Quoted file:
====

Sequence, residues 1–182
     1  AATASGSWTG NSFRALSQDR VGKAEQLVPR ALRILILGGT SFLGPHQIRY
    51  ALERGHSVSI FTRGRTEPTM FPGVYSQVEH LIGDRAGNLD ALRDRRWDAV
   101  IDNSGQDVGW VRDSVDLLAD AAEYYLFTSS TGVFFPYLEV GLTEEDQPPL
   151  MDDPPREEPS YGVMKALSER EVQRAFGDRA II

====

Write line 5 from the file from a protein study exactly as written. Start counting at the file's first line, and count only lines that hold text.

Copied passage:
   151  MDDPPREEPS YGVMKALSER EVQRAFGDRA II